Dan Kimball: "We don't just want our community to know we like art or music — we want to inspire them to follow Christ."
There’s a lot of language being tossed around today like “missional,” “missional communities,” “incarnational,” “be the church vs. go to church” and other words that describe a certain ministry philosophy. When I ask what all of this means, it is often described as making sure you intentionally get to know your church’s neighbors and serve their needs. I can’t imagine Jesus not being pleased with this, but as a church leader what do these terms mean about truly being engaged in your community as a whole church? How is it expressed?
We’ve used our building to host moms for auto repair, family photos and a clothing boutique. And we’ve assisted others in need through our campus—but we also felt some engagement was missing. What about our vibrant local arts and music community? Or students from the nearby university?
A Cup of Joe
Students need a place to study. Bands need a place to play. Artists need a gallery to display art. So we decided to open a full-service coffeehouse that would welcome students and provide space for art and music shows. In the few years since launching the coffeehouse, it has won several awards and is well known in our town. We don’t kick out students if they don’t order drinks, and we offer unlimited Internet usage. During finals week, we serve free pancakes to students and open the church sanctuary as overflow study space.
As we serve our community, we build trust. After all, people who visit the coffeehouse are also visiting our church.
As an extension of this we started the annual Santa Cruz Stations of the Cross art exhibit downtown to engage the community and represent Jesus right on the sidewalks. A city block displays art that tells the story of Jesus’ death and resurrection. Once again, our town witnesses a church that wants to build trust and relationship with them.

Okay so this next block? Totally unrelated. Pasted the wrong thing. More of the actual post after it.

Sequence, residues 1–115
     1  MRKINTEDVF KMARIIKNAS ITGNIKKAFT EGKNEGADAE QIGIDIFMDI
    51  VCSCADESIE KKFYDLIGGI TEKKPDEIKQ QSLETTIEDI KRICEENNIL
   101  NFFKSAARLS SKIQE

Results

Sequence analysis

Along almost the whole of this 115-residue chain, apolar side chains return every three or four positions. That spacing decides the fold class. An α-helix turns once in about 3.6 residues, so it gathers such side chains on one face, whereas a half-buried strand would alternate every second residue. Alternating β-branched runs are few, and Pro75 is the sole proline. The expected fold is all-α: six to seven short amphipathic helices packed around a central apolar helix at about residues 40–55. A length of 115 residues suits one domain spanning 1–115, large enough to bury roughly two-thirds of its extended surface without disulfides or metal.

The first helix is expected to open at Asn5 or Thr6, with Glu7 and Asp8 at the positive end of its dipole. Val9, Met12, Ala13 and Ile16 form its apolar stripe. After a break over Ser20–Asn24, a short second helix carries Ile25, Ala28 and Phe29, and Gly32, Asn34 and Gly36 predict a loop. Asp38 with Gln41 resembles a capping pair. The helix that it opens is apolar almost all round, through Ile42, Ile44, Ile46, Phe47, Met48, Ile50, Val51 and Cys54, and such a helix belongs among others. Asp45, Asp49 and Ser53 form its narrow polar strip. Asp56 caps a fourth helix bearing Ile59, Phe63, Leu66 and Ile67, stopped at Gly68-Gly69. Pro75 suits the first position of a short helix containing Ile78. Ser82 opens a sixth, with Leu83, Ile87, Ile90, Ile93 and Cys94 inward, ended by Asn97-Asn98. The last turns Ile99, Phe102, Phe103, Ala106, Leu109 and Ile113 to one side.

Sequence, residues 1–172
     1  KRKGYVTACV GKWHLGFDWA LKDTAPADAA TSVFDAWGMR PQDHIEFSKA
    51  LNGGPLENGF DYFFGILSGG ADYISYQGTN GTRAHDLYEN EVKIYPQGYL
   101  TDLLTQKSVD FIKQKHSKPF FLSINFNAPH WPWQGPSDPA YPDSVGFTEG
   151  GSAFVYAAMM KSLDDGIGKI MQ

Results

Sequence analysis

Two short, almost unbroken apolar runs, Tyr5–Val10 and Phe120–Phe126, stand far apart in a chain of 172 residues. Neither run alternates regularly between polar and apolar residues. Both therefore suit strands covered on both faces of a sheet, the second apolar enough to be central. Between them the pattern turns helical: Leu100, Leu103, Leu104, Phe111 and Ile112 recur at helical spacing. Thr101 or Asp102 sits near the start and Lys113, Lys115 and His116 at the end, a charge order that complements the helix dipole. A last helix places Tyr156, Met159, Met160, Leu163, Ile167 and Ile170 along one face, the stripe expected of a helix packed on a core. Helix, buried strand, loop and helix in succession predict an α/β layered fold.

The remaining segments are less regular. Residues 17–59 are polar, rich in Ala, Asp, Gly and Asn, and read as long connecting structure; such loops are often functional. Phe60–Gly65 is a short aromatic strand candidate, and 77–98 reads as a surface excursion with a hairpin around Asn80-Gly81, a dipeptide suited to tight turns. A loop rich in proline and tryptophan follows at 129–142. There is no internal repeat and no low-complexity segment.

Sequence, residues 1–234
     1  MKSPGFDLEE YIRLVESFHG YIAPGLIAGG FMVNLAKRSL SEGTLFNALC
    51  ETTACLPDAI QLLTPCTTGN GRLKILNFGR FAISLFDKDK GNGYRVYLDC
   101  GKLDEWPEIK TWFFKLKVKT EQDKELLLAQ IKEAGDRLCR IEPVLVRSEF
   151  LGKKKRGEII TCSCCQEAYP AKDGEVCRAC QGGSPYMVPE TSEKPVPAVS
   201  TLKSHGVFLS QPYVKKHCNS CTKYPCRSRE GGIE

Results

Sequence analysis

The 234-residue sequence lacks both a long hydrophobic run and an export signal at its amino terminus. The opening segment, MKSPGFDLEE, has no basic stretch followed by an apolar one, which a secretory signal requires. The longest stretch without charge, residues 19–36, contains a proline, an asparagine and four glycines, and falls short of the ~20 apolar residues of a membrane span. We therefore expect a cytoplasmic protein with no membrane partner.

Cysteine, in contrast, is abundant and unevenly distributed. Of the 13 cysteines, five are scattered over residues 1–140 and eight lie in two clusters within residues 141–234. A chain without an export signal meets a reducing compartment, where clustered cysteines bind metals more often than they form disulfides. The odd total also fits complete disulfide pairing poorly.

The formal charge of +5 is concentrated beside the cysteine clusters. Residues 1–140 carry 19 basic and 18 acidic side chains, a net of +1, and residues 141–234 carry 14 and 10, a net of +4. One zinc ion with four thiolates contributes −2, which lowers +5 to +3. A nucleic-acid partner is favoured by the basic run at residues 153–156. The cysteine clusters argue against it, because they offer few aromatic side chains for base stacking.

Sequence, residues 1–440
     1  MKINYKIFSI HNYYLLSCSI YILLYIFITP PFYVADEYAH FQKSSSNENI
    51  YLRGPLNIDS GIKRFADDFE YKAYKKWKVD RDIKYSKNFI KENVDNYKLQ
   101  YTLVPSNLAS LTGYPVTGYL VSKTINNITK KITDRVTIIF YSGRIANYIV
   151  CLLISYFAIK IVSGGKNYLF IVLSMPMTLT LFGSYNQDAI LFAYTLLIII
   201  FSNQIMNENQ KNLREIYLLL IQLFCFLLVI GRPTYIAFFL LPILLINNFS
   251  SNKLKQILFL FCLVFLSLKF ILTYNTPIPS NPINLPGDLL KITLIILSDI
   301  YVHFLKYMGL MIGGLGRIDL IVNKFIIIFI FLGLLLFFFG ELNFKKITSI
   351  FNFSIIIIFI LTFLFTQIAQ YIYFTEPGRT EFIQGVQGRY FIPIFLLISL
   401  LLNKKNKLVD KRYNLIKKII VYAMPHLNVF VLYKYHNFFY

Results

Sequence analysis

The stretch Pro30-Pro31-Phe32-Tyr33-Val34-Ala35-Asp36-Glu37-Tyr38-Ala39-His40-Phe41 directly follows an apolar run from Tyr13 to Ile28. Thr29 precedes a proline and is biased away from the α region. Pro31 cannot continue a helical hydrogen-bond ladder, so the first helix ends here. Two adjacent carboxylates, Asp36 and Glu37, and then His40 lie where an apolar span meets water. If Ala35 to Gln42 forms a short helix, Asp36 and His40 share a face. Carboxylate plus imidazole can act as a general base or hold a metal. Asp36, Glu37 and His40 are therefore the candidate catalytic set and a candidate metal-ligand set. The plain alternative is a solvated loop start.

We are currently building a professional music studio on the church campus for training area children and teens in music. We plan to host a local film festival as well. Engage. Relationship. Trust.
Finding the Right Link
None of this required a big budget but it did command us to think uniquely about how to connect with our community on its own terms. If we were in rural Oklahoma, for example, our outreach would probably look a lot different. But in our northern California college town, these approaches successfully mesh ministry with community and create relationship.
Of course all of this goes beyond baristas and bands. We don’t just want our community to know we like art or music—we want to inspire them to follow Christ. Just two weeks ago I talked to a college student who began visiting the church for the coffeehouse. Then she started wondering what happens in that sanctuary on Sundays, so she joined us for worship. Not long after, she put her faith in Jesus.
Because we’ve chosen ministries that closely match the fabric of our community, we get the opportunity to interact with our neighbors in non-threatening ways on a daily basis. Through that engagement, we forge the relationships that blossom into growth for the Kingdom.